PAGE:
Designer Gareth Pugh brought dystopia and decadence to London Fashion Week with a vision of the city populated by masked women in blood-red superhero-style jumpsuits.

The 37-year-old British designer's presentations can swing between classic fashion shows and militant occasions, and on Saturday, he stuck by his reputation.

In Pugh's world, London is a sordid concrete jungle, covered with asphalt and choking in thick, toxic fumes.

In this urban nightmare, the revolt of an "outsider society" is born, driven by a "flat out rejection of conservatism", according to the fashion label, and stalked by warlike and provocative women.

Shod in paramilitary boots, they slip into tight-fitting combinations decorated with geometric patterns, and conceal their faces behind masks sometimes reminiscent of Spiderman.

For weapons, they carry large red or black fans that they wave insolently while marching up the podium.

Rebellious and bellicose, they sport leather kimonos, super-short black dresses, or waterproof plastic revealing dominatrix-style bustiers and garters.

The show was also a tribute to the British creator Judy Blame, a punk culture icon who died this year aged 58.

"Judy was uncompromising, ungovernable and fiercely anti-establishment. He was a creative extremist," said Pugh, who could legitimately claim the same qualities.

Waiting for Beckham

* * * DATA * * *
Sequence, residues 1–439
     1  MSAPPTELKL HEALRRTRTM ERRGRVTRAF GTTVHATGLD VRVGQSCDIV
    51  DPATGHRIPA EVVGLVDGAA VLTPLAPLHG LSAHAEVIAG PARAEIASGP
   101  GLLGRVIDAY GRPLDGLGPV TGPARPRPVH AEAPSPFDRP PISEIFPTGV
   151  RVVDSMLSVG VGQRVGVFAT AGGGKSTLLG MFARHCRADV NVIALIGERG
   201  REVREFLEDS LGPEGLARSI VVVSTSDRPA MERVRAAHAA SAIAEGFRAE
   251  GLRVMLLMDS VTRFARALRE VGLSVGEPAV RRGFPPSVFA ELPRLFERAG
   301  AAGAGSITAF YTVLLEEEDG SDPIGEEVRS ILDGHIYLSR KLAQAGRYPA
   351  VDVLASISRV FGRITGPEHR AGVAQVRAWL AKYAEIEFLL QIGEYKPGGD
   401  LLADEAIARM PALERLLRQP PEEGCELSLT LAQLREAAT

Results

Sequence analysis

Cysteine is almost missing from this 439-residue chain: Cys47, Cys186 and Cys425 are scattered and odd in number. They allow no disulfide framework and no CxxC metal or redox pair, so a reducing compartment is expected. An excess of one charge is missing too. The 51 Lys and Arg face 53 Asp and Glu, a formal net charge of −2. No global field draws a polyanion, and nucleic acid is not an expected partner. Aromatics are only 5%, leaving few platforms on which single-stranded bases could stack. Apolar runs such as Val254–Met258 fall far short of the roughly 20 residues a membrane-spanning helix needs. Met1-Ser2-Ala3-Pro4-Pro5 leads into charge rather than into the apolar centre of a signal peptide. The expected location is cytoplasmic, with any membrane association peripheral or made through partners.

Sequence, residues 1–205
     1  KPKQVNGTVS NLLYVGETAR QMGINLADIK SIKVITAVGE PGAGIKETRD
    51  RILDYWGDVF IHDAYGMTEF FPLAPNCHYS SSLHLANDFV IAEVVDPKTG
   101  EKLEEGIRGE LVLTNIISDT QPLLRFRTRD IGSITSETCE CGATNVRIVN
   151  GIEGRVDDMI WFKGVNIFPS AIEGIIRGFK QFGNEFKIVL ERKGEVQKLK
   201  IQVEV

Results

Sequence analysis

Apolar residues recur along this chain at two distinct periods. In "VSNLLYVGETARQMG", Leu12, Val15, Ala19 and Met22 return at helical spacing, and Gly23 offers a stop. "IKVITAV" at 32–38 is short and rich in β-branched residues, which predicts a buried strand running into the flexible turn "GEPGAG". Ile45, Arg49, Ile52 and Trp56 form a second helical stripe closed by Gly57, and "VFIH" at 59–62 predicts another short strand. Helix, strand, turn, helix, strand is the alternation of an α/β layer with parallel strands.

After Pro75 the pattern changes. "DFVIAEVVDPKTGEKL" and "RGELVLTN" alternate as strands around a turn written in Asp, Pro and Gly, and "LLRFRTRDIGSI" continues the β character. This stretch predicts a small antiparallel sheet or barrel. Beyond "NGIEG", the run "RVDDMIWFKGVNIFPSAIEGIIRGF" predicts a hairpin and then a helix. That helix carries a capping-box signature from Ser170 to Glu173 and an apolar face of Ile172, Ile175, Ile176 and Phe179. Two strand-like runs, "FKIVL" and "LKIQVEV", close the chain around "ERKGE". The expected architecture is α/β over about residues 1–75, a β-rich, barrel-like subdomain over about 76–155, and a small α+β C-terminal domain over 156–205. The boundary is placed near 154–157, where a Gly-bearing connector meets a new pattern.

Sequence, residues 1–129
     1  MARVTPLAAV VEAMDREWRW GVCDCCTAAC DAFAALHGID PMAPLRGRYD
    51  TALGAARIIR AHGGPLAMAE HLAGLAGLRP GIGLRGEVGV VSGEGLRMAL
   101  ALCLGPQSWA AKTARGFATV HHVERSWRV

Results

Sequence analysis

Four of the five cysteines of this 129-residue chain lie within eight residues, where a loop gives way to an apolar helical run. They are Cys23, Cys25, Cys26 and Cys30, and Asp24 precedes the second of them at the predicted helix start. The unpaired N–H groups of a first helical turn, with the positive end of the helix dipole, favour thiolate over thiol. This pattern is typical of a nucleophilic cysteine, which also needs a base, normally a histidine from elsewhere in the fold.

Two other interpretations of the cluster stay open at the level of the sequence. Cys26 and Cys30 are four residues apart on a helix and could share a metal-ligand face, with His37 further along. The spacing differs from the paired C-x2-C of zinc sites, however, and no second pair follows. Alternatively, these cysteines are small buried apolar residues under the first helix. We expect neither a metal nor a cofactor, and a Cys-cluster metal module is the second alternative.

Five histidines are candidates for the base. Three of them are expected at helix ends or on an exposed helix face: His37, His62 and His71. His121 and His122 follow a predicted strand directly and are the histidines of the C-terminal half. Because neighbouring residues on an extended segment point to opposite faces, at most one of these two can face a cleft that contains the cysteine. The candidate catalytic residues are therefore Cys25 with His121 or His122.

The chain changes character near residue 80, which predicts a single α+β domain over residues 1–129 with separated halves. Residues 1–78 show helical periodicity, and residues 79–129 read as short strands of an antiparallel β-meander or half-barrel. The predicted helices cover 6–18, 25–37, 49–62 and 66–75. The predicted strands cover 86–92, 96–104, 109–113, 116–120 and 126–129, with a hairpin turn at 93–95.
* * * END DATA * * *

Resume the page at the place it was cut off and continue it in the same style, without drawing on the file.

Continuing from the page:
In one of Saturday's earlier shows, Jonathan Anderson displayed a much less dark and tortured world view.

The artistic director of the luxury British leather goods firm Loewe, considered one of the most talented designers of his generation, presented the new line of his own brand, J. W. Anderson.

The key word is "fluidity", he told reporters. His bohemian designs are loose and airy, covered with mesh and lace. The colours are earthy and organic: cream, ochre and cobalt blue.

British "it-girl" Alexa Chung also presented her first collection, inspired by travel.

The model/columnist/TV presenter showed off a practical and sober collection designed for wandering through transit lounges: tracksuit sets, floral wool vests, suede coats, front-zipped long dresses and shell necklaces.

London Fashion Week runs until Tuesday, with dozens of shows around the city.

However, all eyes are on Victoria Beckham, who will be making her LFW debut on Sunday.

The 44-year-old designer made her fashion debut in New York in 2008.

Ten years later, the former Spice Girls singer is a creator respected by her peers, at the head of a company valued at more than 100 million euros by the trade press.

The other highlight of LFW, which is dedicated to spring-summer 2019 collections, takes place Monday, with another premiere: former Givenchy star Riccardo Tisci for Burberry.